The "Spitzenkandidat-System“ and the EU election

Is the European Union able to overcome its democratic deficit?

Ahead of next year’s elections there is a disagreement in the European Union on how to appoint the next President of the European Commission. The “Spitzenkandidat-System”, which was used for the first time at the last European Parliament election, won the current President of the Commission, Jean-Claude Juncker, his position. The “Spitzenkandidat-System” is not embedded in one of the European treaties. The Treaty of Lisbon only defines, that the results of the European Parliament election have to be considered in the nomination of a potential candidate. This means that the European treaties do not automatically lead to an application of the “Spitzenkandidat-System”.

The European Parliament and the Commission are in favour of the “Spitzenkandidat-System”. An EU-wide election campaign would be an opportunity for the European electorate to get a better understanding of the EU and his/her options. The “Spitzenkandidat-System” would increase the EU’s democratic and political legitimacy, because of a resolved democratic deficit. Being elected by the European voter would legitimatize the president’s position, which would increase his/her power. At the same time the president would become more independent of the heads of state and government.

The European Council has a different position on the “Spitzenkandidat-System”. It is against, because it fears a loss of power and it strictly opposes a strengthening of the supranational level of the EU. In the European Council’s view, the “Spitzenkandidat-System" would not strengthen the European democracy in anyway. However, the President of the European Council, Donald Tusk, admitted, that a leading candidate of a European party as President of the Commission could be possible and would be very helpful. At the same time he emphasized, that the heads of state and government will remain responsible for nominating a potential candidate, who has to be approved by the European Parliament later on. Tusk is convinced, that the traditional process creates a double legitimation.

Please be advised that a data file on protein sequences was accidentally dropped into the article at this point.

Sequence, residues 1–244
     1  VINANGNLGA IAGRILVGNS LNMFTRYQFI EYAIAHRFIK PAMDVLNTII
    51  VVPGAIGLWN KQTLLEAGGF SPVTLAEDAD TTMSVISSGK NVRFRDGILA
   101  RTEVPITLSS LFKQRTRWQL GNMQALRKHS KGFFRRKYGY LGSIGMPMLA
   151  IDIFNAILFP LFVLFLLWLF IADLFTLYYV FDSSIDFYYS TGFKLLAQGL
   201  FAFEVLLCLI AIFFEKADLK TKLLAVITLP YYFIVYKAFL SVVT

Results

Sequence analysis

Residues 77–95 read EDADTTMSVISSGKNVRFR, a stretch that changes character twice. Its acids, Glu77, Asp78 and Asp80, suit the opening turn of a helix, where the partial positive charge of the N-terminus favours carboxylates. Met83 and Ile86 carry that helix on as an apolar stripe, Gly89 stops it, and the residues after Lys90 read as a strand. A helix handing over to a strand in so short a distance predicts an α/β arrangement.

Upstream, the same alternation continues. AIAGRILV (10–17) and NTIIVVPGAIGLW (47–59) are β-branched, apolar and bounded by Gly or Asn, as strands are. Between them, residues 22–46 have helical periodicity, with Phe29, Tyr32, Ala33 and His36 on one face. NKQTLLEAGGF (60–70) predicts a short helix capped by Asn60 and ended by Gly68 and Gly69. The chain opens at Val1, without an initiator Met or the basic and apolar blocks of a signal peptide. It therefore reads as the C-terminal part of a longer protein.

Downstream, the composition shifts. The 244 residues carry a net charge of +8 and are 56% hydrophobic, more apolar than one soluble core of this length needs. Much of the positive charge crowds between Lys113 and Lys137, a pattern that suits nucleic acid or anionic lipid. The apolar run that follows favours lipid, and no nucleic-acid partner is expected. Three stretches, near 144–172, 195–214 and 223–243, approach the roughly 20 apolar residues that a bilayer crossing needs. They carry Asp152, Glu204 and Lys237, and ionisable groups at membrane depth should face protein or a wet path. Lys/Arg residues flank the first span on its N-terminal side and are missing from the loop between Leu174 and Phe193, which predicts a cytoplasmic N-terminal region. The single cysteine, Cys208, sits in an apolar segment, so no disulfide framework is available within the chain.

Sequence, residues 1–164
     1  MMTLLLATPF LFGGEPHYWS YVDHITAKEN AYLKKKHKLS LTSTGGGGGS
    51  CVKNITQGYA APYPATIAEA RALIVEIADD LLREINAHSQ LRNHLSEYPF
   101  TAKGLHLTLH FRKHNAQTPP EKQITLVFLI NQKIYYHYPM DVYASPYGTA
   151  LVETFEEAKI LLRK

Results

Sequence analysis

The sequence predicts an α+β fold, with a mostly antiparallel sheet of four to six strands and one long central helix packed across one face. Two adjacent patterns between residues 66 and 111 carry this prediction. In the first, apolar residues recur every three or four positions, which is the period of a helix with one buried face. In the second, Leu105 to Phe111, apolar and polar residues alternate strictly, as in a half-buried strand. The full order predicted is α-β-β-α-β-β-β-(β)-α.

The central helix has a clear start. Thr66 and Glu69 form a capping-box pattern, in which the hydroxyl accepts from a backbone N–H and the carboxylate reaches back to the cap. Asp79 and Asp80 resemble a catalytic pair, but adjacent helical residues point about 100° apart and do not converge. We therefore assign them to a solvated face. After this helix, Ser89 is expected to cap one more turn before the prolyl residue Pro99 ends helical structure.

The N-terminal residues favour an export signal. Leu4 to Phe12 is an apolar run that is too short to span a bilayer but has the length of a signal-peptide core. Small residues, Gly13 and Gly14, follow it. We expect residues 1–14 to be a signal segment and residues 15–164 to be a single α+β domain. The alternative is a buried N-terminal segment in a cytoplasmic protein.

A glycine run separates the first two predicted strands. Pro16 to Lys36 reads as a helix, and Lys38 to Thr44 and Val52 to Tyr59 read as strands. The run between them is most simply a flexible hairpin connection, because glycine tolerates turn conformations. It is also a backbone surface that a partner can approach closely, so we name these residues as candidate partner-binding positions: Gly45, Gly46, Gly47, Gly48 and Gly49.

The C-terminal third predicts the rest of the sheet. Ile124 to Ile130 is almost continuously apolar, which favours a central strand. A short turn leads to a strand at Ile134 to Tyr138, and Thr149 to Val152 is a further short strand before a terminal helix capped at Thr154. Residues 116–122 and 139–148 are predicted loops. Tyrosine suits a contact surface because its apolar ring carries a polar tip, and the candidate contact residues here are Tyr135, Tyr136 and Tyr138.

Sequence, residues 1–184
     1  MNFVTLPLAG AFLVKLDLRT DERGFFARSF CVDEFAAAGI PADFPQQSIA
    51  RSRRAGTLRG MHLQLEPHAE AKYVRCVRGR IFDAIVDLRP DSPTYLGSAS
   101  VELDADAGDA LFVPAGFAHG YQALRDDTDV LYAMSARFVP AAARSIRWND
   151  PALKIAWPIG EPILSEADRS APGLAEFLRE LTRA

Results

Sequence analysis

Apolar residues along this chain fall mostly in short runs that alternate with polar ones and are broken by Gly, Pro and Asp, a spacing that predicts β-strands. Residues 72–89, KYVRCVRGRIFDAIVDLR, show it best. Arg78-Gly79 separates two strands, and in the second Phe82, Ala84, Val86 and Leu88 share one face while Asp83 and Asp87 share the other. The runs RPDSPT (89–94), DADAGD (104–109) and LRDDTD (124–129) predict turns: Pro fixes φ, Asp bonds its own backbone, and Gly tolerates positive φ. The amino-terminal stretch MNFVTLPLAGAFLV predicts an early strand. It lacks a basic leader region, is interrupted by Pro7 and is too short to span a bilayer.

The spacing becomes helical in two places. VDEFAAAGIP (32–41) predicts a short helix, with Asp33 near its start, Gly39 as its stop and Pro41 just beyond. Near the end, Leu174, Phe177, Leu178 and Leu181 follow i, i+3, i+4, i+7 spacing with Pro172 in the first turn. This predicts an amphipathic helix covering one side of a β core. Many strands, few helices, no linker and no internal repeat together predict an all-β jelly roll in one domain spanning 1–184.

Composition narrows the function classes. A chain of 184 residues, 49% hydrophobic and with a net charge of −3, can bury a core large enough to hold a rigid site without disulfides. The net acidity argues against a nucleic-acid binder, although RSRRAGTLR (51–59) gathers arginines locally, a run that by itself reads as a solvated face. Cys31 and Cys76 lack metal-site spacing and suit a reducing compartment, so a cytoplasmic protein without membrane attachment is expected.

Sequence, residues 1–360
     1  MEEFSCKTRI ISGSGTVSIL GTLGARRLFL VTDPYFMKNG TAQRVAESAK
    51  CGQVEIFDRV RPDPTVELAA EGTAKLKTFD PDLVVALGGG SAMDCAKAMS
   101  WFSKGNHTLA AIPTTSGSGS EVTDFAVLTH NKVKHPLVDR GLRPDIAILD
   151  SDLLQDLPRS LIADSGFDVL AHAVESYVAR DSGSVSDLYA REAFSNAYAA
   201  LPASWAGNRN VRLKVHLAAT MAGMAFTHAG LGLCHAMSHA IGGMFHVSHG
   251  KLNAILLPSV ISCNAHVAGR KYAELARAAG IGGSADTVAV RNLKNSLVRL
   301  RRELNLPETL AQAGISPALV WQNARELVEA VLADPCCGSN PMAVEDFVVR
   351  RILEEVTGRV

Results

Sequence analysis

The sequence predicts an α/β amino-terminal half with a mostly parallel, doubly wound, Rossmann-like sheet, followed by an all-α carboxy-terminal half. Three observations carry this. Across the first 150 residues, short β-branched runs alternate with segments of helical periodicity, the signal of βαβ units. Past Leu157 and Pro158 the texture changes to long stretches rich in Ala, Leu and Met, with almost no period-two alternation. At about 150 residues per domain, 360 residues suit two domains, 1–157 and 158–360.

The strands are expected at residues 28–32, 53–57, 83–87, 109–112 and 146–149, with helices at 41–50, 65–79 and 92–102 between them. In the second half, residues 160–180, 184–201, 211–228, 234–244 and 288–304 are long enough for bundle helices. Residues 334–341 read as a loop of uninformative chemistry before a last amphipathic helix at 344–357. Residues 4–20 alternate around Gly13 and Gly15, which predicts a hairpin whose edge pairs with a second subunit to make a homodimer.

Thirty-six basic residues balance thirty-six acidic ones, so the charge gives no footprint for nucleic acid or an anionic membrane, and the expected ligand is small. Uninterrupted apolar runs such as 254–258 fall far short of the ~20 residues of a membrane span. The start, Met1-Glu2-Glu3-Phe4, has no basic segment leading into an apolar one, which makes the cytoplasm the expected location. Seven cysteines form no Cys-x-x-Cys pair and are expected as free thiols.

The answer to the question, if the “Spitzenkandidat-System” will be defined in one of the European treaties and get a mandatory character, remains unclear. Experts predict that it will remain an advisory instrument in the near future. However, a lot of people see the “Spitzenkandidat-System” as the right way to resolve the democratic deficit of the EU and to stop the rise of right-wing populism.